Tag Archives: great recession

Latest in Deficit Terrorism: Postal Service Default

By Mitch Green

Americans living in rural areas should brace themselves for a new dose of pain.  As the USPS approaches the end of its fiscal year, where it will be unable to make payment of $5.5 billion to its employees health benefits fund, it is considering closing over 3600 facilities nationwide.  Just yesterday they placed on the chopping block another 250 processing centers.  Most of these closures are distributed throughout rural areas, a demographic that has borne a considerable amount of hardship throughout this entire contraction. For an interactive map of the proposed closures go here.

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After Great Recession: A Bleaker Employment Recovery than after the Great Depression

By Eric Tymoigne

The last employment numbers provide yet another disappointing bit of news for millions of households all around the country. No net employment gain. However, I am afraid that this is only the very tip of the iceberg because a long-term view shows a much bleaker picture.

Figure 1 shows how long it took for the employment level to return to its peak level after a recession, and how much job loss occurred relative to that peak. The employment numbers exclude people that were employed in the WPA, NYA and CCC, and focuses on individuals employed in nonfarm activities.

During the Great Depression, the employment level declined for 4 years and almost 10 million jobs were lost compared to the peak employment level that prevailed in August 1929. It took 136 months (over 11 years) to return to this level of employment, but, without the avoidable 1937 recession, the full recovery would have occurred after 102 months (8.5 years) if one takes the trend of recovery that prevailed from 1933.

The Great Recession led to a loss of almost 9 million jobs compared to the peak employment level of January 2008. The loss of jobs occurred at a faster rate than the Great Depression but employment recovered sooner and started to rise after 2 years. However, once the employment recovery started, it occurred at a slower rate than during the Great Depression. If the recovery continues at the same pace, AND assuming that no recession occurs during the recovery phase, it will take about 9 years to return to the employment level of January 2008. Thus, given everything else, it will take longer for employment to fully recover than during the years prior to the 1937 recessions.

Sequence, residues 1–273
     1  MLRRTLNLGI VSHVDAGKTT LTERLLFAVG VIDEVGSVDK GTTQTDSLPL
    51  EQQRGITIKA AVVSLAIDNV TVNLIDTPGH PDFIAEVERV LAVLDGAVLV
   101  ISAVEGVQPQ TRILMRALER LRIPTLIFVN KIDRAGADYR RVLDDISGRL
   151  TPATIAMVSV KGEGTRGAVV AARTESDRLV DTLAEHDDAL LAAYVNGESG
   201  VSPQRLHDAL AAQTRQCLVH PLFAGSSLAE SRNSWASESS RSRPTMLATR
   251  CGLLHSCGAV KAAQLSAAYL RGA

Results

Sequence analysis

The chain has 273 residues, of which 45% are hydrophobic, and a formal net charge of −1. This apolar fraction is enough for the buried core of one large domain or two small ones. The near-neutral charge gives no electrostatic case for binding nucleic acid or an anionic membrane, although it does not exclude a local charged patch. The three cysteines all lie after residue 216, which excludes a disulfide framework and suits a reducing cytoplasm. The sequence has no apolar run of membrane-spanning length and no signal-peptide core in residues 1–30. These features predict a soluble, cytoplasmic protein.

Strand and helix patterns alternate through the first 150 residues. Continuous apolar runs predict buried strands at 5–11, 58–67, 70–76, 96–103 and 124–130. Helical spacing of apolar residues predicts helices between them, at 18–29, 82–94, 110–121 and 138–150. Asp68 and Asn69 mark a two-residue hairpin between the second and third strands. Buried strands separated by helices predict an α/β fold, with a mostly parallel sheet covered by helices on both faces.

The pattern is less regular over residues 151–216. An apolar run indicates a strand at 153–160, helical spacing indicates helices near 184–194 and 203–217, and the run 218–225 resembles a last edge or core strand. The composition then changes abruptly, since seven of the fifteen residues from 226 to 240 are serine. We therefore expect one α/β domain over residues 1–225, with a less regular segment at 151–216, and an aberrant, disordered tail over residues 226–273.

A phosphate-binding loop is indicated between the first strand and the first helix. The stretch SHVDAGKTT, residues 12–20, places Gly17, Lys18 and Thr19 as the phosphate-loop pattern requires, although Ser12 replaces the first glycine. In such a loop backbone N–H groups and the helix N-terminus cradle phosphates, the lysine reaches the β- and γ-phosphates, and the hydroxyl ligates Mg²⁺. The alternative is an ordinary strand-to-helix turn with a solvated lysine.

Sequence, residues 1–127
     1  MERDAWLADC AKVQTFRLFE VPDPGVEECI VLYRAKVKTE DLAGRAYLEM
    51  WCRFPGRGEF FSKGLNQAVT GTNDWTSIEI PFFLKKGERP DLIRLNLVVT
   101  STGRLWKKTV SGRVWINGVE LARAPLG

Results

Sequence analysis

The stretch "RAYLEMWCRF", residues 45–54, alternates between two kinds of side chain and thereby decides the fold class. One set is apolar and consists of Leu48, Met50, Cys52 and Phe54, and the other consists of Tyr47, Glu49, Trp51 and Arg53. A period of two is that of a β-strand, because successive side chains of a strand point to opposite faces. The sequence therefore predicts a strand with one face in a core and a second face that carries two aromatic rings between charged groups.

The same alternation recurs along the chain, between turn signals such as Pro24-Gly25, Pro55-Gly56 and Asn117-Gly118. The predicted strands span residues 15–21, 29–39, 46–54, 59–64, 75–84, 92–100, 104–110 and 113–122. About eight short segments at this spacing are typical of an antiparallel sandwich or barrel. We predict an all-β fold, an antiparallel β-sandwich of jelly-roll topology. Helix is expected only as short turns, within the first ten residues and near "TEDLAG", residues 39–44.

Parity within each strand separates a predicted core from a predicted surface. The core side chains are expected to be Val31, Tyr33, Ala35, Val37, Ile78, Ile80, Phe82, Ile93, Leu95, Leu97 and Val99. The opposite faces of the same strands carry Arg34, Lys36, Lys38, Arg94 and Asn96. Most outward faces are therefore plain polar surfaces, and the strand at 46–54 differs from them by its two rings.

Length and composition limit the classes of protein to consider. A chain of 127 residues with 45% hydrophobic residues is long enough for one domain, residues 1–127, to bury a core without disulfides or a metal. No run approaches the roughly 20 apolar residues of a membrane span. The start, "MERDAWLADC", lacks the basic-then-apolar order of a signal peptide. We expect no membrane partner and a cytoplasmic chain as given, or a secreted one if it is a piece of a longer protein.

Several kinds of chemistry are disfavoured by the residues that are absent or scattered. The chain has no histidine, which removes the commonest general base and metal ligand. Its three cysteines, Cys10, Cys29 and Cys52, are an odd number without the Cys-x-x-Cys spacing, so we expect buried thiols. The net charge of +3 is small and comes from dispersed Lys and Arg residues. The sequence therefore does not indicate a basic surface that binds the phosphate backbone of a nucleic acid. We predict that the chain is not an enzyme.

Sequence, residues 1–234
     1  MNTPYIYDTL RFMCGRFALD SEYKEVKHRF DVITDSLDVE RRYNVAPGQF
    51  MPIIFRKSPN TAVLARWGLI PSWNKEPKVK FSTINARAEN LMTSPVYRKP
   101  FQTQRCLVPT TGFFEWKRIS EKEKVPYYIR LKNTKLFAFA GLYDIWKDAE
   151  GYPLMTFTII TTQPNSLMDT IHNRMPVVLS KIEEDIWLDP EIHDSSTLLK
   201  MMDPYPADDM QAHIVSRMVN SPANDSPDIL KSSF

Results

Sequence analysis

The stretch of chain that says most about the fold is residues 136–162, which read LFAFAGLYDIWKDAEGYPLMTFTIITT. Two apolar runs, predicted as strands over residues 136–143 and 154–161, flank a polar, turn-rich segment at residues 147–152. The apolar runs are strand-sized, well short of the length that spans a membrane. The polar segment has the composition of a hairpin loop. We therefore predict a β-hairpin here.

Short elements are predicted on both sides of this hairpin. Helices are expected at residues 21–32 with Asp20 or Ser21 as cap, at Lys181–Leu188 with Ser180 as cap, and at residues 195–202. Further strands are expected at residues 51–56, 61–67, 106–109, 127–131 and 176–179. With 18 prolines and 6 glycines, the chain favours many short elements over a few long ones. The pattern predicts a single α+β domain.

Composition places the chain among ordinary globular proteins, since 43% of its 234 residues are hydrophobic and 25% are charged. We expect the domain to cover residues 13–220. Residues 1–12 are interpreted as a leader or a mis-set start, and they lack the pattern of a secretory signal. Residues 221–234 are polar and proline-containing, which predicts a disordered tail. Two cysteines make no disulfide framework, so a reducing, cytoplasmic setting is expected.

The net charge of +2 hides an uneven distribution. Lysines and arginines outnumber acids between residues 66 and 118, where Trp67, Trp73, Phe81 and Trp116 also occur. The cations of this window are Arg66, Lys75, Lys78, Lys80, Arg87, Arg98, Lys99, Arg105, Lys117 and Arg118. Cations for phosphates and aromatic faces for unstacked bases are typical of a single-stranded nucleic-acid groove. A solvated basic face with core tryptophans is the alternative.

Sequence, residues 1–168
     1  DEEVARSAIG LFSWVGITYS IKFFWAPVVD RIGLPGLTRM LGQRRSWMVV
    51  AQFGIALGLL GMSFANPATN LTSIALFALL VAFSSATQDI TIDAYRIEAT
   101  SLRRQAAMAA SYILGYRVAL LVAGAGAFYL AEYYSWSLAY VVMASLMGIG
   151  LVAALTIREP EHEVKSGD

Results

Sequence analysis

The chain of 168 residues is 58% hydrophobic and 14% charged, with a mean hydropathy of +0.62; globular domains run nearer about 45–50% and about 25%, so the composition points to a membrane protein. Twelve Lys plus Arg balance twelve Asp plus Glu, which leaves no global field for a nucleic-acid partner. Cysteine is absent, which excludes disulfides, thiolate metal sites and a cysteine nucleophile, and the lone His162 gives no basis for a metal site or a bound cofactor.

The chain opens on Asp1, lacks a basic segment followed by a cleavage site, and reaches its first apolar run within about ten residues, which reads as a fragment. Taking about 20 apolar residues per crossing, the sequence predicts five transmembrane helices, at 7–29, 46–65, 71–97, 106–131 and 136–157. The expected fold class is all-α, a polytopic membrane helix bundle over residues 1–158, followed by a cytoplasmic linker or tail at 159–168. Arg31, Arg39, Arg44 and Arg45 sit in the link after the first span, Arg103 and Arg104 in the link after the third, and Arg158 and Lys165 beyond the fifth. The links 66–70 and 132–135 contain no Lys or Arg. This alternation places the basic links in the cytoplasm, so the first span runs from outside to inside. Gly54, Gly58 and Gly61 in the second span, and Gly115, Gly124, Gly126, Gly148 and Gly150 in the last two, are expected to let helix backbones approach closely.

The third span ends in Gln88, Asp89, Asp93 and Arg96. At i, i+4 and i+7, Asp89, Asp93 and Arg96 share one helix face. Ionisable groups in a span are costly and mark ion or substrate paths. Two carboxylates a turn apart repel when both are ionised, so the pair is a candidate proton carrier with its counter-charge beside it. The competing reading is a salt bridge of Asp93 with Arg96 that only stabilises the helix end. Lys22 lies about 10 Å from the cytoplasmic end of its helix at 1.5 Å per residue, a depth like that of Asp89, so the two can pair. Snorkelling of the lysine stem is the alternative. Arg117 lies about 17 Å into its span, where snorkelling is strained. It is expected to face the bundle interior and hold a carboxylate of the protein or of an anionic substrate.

The picture is even bleaker today if one included New Deal employment programs. Figure 2 shows that those programs allowed employment to recover fully after 80 month (less than 7 years) and only three years after the New Deal Programs were implemented. The timid Bush and Obama stimulus have barely made a dent in the employment problem over the past two years.

This, once again, suggest a powerful employment policy to help the economy. Instead of concentrating its efforts on tax rebates and bailing out banks, and waiting for them to lend to businesses, the federal government should directly hire people and involve them in activity that benefited the entire country. We do not need a temporary stimulus; we need a permanent institutionalized and decentralized government program that hires anybody willing to work and unable to find a job in the private sector. By sustaining income and the productivity of workers, a government employment program would tremendously helps to sustain the employability of workers and would improve the confidence of private business, which would in turn improve private employment.

Figure 1. Difference between peak employment level and current employment level. Nonfarm payroll employment, seasonally adjusted, millions of people.

 

Sources: BLS (Current Employment Survey), Federal Reserve Bulletin (June and September 1941).
Note: People employed in the WPA, NYA and CCC are not included.

Figure 2. Same as Figure 1 with New Deal Federal Employment Programs.

Sources: Federal Reserve Bulletin, Social Security Bulletin.

Where is the “Recovery”? Where Did the “Stimulus” Go?


The new BEA figures about economic activity continue to point to a replay of a Japanese-style lost decade or, even worse, a 1937 scenario. The current expansion has been the weakest on record since World War Two and the trend since the early 1980s does not provide much comfort. Figure 1 shows that each economic expansion since the 1980s has been weaker and weaker and the rate of decline has accelerated.

The current debate in Washington does not provide any comfort for the short run or the long run with both political parties willing to jeopardize whatever economic growth we have left over a fictitious ceiling that serves no economic purpose. All this suffering is supposed to help in the long run because of the good that will come from “reforming” (read “dismantling”) pillars of economic progress like Social Security.

The 2009 Obama “stimulus” is long gone and all levels of government negatively contributing to economic growth. Since the third quarter of 2009, the contribution of the government to economic growth has been nil on average.